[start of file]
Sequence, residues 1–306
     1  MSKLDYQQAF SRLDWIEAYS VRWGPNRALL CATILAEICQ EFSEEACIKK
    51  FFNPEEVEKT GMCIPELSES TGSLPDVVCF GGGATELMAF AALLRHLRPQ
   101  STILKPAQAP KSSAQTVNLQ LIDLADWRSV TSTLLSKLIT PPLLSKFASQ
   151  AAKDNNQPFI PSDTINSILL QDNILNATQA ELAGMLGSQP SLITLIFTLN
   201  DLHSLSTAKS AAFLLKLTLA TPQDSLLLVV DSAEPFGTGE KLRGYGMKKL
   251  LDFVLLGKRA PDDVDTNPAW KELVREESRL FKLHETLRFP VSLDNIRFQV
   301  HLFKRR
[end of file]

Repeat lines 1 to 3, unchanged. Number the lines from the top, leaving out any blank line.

Sequence, residues 1–306
     1  MSKLDYQQAF SRLDWIEAYS VRWGPNRALL CATILAEICQ EFSEEACIKK
    51  FFNPEEVEKT GMCIPELSES TGSLPDVVCF GGGATELMAF AALLRHLRPQ